29 May 2009

DC and US Territories quarters

The last five coins in the series of quarters commemorating the fifty states were released last year. What didn't get a lot of press, though, was that six more quarters are being released this year, for the District of Columbia and five US Territories. I found my first one, a DC coin, this morning.

The District of Columbia was established on 16 Jul 1790 to serve as the capital of the new United States, as authorised by Section Eight of the First Amendment. On 9 Sep 1791,the federal city to be constructed within the district was named in honour of George Washington, and the district was named the Territory of Columbia. The obverse of the coin, released on 26 January, shows jazz musician Edward Kennedy "Duke" Ellington (29 Apr 1899–24 May 1974), who was born and raised in Washington DC, along with the inscription "Justice For All."

The Commonwealth of Puerto Rico, consisting of the main island of Puerto Rico and a number of smaller islands and keys, became a US territory after the Spanish-American War, in 1898. The coin, released on 30 March, shows a view of the sea from a sentry box in Old San Juan, hibiscus flowers, and the inscription "Isla del Encanto" (Isle of Enchantment).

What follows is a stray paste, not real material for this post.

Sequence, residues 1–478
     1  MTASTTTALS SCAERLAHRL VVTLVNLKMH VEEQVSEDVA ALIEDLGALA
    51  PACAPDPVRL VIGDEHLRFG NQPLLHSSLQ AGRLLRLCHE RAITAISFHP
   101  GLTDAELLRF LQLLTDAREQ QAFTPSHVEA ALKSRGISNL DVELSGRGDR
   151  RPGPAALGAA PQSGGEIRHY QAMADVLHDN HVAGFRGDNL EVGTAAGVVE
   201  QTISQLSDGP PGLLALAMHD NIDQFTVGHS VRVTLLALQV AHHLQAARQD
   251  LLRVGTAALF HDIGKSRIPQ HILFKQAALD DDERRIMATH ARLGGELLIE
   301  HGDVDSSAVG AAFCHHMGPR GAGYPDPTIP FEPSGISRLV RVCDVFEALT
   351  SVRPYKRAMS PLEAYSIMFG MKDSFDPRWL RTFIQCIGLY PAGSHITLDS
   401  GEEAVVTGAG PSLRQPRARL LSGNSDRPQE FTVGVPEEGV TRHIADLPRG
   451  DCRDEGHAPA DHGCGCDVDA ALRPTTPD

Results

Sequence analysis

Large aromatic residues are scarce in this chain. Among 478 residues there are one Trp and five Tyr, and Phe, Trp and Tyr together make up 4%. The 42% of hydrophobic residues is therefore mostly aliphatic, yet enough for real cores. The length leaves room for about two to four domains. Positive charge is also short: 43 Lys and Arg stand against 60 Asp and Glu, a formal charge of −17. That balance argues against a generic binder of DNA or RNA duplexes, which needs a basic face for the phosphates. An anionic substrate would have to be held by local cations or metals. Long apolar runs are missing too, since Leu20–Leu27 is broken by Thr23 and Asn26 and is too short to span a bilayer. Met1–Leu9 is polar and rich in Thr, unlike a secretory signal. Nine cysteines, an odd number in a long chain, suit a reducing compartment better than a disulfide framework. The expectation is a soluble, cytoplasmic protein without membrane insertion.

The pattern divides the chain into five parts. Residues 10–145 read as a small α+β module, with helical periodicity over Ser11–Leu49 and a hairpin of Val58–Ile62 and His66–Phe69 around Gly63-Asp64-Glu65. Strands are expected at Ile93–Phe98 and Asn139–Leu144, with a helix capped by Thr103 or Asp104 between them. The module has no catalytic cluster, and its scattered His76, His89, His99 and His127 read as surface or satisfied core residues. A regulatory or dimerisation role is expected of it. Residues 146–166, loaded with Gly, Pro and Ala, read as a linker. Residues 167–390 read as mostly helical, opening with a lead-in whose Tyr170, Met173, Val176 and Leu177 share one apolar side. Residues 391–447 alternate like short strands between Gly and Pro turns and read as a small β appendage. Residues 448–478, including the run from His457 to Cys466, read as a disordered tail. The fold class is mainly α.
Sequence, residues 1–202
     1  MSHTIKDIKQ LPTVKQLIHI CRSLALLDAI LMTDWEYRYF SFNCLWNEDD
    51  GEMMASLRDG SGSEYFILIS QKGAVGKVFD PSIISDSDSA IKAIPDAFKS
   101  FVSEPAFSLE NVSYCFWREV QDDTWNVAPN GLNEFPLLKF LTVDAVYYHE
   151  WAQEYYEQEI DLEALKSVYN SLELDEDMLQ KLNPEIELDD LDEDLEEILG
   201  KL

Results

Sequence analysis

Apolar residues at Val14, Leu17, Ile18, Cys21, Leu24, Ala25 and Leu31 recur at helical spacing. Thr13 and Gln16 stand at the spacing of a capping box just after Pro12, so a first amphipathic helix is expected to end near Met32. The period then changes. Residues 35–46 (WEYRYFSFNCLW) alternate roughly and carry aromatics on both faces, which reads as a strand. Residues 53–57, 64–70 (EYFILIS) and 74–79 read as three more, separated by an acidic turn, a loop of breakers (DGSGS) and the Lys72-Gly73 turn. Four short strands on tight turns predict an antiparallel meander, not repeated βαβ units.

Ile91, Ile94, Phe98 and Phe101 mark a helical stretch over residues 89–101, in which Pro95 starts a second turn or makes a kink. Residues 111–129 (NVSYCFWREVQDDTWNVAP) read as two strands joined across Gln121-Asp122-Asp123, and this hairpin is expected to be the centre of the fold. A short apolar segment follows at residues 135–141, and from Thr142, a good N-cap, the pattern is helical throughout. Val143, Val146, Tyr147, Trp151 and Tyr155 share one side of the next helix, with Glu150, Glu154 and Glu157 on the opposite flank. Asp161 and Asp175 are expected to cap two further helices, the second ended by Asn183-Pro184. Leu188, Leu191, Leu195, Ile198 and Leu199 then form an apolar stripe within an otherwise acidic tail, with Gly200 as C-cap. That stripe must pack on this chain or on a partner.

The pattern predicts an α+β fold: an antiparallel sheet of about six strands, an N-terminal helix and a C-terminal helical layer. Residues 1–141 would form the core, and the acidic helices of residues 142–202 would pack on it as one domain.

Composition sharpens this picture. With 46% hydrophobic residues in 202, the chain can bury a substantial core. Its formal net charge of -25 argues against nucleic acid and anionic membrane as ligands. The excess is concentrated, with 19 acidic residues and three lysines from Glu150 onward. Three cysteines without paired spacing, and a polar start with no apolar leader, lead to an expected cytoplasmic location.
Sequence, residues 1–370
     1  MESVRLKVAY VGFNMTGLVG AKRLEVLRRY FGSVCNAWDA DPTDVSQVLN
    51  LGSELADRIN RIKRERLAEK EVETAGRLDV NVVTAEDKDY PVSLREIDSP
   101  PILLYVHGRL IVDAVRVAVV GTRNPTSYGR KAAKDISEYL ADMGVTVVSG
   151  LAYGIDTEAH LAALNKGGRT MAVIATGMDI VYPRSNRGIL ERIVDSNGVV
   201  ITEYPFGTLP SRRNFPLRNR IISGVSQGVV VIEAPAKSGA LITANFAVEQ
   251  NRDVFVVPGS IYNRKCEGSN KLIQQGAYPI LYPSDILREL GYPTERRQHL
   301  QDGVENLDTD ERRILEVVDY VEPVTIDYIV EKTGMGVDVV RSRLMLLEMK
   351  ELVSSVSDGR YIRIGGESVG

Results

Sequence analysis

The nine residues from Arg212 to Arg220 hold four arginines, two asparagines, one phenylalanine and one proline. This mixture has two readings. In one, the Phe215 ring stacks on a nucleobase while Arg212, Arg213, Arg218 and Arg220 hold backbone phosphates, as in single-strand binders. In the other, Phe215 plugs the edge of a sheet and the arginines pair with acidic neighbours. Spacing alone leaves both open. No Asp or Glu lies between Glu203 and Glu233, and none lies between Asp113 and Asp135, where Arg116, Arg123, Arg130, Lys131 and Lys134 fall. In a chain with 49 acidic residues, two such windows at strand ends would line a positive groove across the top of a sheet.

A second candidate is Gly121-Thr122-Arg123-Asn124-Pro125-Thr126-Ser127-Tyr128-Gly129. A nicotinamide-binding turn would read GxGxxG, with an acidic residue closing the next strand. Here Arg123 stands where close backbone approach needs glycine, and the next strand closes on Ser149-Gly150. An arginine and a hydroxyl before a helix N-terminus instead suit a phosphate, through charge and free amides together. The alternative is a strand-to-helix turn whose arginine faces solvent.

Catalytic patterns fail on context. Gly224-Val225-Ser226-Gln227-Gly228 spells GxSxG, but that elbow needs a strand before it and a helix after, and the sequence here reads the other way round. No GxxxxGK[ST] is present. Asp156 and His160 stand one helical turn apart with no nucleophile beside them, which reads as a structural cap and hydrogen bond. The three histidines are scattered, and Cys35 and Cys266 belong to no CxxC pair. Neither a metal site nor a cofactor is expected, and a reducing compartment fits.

Guam also became a US territory after the Spanish-American War. The coin, released on 26 May, shows a map of the island of Guam, along with a sailing vessel known as a flying Proa and a Latte, a stone pillar used in ancient houses. The accompanying inscription reads "Guåhan Tånó I Man Chamorro" (Guam, Land of the Chamorro).

American Samoa has been a US territory since 1899, when the Tripartite Convention divided the Samoan archipelago between Germany and the United States. The coin, scheduled for release on 27 July, shows an ava bowl, a whisk and a staff, items used in special Samoan ceremonies, with a background image of the coastline. The inscription reads "Samoa Muamua Le Atua" ("Samoa, God is First").

The US Virgin Islands were purchased from Denmark, which had held them since the 17th century, in 1917. The coin, to be released on 28 September, shows a bananaquit (Coereba flaveola), a yellow elder (Tacoma stans) flower and a Tyre palm (Coccothrinax alta); in the background is an outline of the three main islands, St Croix, St John and St Thomas.

The Northern Mariana Islands have been administered by the United States since 1945, as part of the United Nations Trust Territory of the Pacific Islands; commonwealth status was achieved in 1978. The coin, scheduled for release on 30 November, shows a Latte amongst coconut trees, wild plants, native birds, and a proa; beneath these is a Carolinian mwar (head lei), composed of plumeria, ylang ylang, peacock flower and teibwo (Pacific basil).

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